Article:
My First Property

Buying Furnishings From The Seller

Occasionally the vendor will either agree to leave things in the house with you directly, or you will ask for certain things to be left and negotiate on price.

Perhaps if you like the curtains you will agree for them to be thrown in, perhaps at a certain price, and that sofa that you really like and was pretty much brand new... that's going to stay too. Is it OK to agree on fixtures and fittings in this way?

Well, it is and it is common place, BUT to avoid yourself getting burnt or having any nasty surprises, you MUST make sure that you tell your solicitor about all these things so that they are included in the contract. If it is not there then there is nothing you can do about it afterwards if you exchange contracts and find the sofa has gone!

Also be clear on price and whether you are paying for those things, and if so how much. It is amazing when buying something as expensive as a house often worth hundreds-of-thousands how het-up some people get on the difference of a few pounds here and there on the fixtures and fittings, so make sure that everything is clearly agreed in the contract.

In addition to fixtures and furnishings, there may be even more important things that you've agreed with the seller - again make absolutely sure that these are all in the contract, particularly when they are a condition of sale for you. For instance if there were issues that were picked up by the survey and you agreed with the vendor that all the changes to address those issues would be implemented prior to purchase, then make absolutely certain again that you told the solicitor of this and got everything put into the contract - it is essential that you are happy with the survey, the findings and the resolutions to any issues and that all of this is reflected accordingly in the contract.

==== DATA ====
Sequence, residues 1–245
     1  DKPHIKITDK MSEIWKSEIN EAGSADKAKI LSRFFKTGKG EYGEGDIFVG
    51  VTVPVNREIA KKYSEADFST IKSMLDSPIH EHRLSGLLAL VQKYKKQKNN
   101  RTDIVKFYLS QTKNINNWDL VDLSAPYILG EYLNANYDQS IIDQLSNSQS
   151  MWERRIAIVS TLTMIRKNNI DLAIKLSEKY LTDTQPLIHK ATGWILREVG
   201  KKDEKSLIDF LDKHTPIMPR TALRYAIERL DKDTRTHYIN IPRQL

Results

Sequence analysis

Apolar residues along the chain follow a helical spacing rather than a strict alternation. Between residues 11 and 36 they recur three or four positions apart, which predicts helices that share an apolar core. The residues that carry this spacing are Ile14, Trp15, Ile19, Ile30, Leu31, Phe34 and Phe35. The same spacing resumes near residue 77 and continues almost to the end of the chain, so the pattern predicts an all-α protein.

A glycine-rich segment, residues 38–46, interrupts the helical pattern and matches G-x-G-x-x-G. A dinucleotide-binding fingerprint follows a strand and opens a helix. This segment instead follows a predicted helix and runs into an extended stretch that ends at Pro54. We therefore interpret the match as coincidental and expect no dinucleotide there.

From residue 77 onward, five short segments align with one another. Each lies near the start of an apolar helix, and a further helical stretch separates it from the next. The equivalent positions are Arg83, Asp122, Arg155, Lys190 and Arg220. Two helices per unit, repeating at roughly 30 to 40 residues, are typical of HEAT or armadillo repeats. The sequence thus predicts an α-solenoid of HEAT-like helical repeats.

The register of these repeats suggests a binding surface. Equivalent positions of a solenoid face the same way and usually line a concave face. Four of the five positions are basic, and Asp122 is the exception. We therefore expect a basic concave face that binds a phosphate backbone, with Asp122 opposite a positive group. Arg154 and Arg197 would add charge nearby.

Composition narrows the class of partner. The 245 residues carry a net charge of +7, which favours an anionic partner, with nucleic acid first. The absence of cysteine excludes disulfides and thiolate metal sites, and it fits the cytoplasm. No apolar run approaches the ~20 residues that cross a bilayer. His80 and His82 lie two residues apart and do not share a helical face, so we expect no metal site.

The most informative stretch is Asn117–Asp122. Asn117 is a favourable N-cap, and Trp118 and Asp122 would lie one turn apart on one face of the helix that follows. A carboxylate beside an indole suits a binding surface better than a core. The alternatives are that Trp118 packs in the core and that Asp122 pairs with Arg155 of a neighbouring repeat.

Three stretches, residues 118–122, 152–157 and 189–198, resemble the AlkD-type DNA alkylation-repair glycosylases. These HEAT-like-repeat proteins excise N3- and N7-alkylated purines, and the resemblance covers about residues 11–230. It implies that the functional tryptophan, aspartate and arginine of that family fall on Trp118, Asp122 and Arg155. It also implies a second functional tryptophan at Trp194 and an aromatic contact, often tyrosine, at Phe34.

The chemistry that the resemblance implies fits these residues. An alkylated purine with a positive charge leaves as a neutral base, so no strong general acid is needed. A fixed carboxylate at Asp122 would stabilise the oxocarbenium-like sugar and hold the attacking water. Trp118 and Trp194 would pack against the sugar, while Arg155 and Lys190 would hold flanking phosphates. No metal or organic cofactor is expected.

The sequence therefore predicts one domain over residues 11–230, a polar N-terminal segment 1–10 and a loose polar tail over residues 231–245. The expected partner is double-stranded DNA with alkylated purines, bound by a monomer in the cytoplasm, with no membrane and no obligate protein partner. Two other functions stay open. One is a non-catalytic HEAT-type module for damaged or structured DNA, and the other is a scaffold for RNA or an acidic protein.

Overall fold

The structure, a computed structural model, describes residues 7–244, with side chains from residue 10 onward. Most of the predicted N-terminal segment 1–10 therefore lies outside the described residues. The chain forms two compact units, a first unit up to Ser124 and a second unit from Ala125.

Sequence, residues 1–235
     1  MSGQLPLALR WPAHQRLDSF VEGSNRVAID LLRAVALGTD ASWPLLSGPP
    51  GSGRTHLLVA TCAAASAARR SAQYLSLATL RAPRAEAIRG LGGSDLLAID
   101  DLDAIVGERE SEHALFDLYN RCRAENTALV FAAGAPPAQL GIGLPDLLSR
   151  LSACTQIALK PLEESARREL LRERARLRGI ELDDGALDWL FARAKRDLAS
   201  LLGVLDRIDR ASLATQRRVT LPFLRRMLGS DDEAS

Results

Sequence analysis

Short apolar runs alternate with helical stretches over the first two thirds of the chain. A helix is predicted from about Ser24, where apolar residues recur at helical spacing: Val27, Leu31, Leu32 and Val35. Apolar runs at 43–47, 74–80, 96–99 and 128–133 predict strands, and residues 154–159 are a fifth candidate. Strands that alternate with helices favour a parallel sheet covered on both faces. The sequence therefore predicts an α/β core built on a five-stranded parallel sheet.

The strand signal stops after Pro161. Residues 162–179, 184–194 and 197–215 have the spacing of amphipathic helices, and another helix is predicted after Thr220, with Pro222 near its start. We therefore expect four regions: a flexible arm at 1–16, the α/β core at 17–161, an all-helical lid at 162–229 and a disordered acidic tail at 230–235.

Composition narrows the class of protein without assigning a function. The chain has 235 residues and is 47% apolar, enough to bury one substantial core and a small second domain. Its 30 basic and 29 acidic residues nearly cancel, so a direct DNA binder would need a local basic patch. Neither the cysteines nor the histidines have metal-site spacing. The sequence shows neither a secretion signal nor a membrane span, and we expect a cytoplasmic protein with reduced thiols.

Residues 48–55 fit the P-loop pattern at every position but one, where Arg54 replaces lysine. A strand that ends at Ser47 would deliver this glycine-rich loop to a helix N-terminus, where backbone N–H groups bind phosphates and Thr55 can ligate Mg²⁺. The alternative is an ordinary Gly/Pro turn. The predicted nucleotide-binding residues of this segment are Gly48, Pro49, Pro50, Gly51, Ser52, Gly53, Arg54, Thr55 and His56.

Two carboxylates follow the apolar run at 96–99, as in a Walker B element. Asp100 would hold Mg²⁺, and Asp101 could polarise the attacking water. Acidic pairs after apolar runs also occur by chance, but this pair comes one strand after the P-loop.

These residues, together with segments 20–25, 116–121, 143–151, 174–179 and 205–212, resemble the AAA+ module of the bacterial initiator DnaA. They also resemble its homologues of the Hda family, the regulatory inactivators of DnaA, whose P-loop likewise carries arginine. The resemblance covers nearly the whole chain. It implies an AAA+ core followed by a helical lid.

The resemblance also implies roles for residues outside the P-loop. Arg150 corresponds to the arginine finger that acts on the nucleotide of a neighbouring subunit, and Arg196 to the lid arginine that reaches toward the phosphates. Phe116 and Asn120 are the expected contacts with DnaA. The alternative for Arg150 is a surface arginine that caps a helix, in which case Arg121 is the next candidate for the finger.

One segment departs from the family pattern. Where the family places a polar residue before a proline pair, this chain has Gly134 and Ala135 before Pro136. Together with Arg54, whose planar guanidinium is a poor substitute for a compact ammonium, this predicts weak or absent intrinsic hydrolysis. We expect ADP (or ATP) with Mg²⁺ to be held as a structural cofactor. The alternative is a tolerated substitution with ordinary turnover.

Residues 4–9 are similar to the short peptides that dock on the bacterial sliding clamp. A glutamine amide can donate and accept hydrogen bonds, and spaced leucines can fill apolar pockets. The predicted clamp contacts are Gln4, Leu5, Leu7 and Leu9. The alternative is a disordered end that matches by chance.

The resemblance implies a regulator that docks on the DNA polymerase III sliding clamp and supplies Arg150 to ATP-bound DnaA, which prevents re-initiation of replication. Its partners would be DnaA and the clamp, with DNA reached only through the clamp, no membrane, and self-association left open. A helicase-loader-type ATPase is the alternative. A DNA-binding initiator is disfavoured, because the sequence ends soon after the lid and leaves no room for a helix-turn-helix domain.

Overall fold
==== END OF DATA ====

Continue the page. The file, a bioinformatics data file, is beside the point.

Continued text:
The general rule is this: anything that you are concerned about or have discussed directly with the seller, ensure that you keep the solicitor up-to-date and that the contract is updated to reflect these things accordingly. Word of mouth is not good enough, and even though in the majority of cases may not lead to issues, you don't want to be the minority that is affected, so for your own peace of mind and security ensure that the paperwork is all there.

More first-time house buying articles:

  1. Tips on Viewing Properties
  2. What is a mortgage in principle?
  3. Impact of Rising Interest Rates on Mortgage Cost
  4. How to Win a Bidding War
  5. What to do if you are interested in a property


 © Clarity Media    |    Copyright and disclaimer    |    My First Property     |     Insurance Details